Since the turn of the century, space exploration has changed dramatically thanks to the unprecedented rise of commercial aerospace (aka. NewSpace). With the goal of leveraging new technologies and lowering the costs of launching payloads into space, some truly innovative and novel ideas are being put forth. This includes the idea of using balloons to carry rockets to very high-altitudes, then firing the payloads to their desired orbits.
Also known as “Rockoons”, this concept has informed Leo Aerospace‘s fully-autonomous and fully-reusable launch system – which consists of a high-altitude aerostat (balloon) and a rocket launch platform. With the first commercial launches slated for next year, the company plans to use this system to provide regular launch services to the microsatellite (aka. CubeSat) market in the coming years.
The concept of the Rockoon is one of many air-launch-systems that have been investigated and validated since the Space Age began. Unlike conventional rockets, which rely on massive amounts of propellant to achieve escape velocity and send payloads to orbit, air-launch-systems rely on the comparatively cost-effective method of transporting a payload to high altitude where it can then be sent to Low Earth Orbit (LEO).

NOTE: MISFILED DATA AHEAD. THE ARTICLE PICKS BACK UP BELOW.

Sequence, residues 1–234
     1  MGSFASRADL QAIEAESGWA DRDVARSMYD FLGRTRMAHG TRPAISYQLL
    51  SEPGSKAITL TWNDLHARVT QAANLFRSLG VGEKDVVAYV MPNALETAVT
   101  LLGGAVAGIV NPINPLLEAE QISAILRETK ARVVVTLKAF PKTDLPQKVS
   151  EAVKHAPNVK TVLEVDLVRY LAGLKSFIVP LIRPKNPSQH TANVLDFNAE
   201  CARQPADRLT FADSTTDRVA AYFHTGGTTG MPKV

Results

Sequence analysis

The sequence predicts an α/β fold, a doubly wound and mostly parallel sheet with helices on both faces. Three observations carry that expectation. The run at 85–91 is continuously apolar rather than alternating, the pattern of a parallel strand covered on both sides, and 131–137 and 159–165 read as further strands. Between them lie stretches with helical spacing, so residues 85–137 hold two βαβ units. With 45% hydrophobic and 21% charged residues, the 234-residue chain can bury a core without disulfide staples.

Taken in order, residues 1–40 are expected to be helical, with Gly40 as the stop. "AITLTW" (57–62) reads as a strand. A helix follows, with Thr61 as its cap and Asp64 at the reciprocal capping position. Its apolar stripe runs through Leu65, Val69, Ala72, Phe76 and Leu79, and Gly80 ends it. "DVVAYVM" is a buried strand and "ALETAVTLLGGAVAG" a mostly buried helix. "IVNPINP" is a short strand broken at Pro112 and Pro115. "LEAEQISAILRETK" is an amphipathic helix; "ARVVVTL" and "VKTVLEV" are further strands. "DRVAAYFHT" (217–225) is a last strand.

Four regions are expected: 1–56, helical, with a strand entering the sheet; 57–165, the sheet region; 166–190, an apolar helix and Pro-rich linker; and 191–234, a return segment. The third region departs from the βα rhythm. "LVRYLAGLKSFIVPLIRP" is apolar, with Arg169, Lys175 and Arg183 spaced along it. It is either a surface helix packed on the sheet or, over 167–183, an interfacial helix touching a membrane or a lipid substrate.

This reduces the amount of propellant needed but also involves launching a rocket from altitudes where air resistance is lower and less force is needed to escape Earth’s gravity. All of this allows for much smaller and lighter launch vehicles to be used, which leads to significantly reduced costs. This method is especially effective when it comes to small payloads like microsatellites, which are becoming all the more common.
Today, most air-launch-systems that are being pursued involve aircraft bringing rockets or spacecraft with rocket motors to launch altitudes – such as Virgin Galactic’s SpaceShipTwo, Virgin Orbit’s LauncherOne, or the Stratolaunch air carrier. However, the Los Angeles-based Leo Aerospace company chose to investigate the equally valid method of relying on a lighter-than-air (LTA) platform to get payloads to space.
As Dane Rudy, co-founder and CEO of Leo Aerospace, told Universe Today via email:
“From a first-order physics perspective, balloon launch is a very elegant solution to providing an efficient and cost-effective launch for small payloads. Additionally, this architecture dramatically reduces the amount of launch infrastructure required, enabling a fully mobile solution.”
The central components of this launch system are the Regulus Orbital launch platform and the Orbital Rocket. The Regulus platform provides autonomous flight control through a series of burners (which ensure that the aerostat remains buoyant) and a rotational control system of bipropellant thrusters, all of which are mounted to an insulated body composed of composite material.